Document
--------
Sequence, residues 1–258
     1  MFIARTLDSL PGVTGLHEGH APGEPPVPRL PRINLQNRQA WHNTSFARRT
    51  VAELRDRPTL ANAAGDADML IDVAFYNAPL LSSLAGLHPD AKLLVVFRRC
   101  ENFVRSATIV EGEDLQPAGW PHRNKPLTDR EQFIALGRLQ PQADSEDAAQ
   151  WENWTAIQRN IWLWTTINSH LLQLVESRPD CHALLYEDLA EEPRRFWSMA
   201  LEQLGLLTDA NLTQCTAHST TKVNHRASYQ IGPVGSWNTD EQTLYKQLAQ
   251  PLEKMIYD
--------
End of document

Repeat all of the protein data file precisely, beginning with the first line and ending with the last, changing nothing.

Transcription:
Sequence, residues 1–258
     1  MFIARTLDSL PGVTGLHEGH APGEPPVPRL PRINLQNRQA WHNTSFARRT
    51  VAELRDRPTL ANAAGDADML IDVAFYNAPL LSSLAGLHPD AKLLVVFRRC
   101  ENFVRSATIV EGEDLQPAGW PHRNKPLTDR EQFIALGRLQ PQADSEDAAQ
   151  WENWTAIQRN IWLWTTINSH LLQLVESRPD CHALLYEDLA EEPRRFWSMA
   201  LEQLGLLTDA NLTQCTAHST TKVNHRASYQ IGPVGSWNTD EQTLYKQLAQ
   251  PLEKMIYD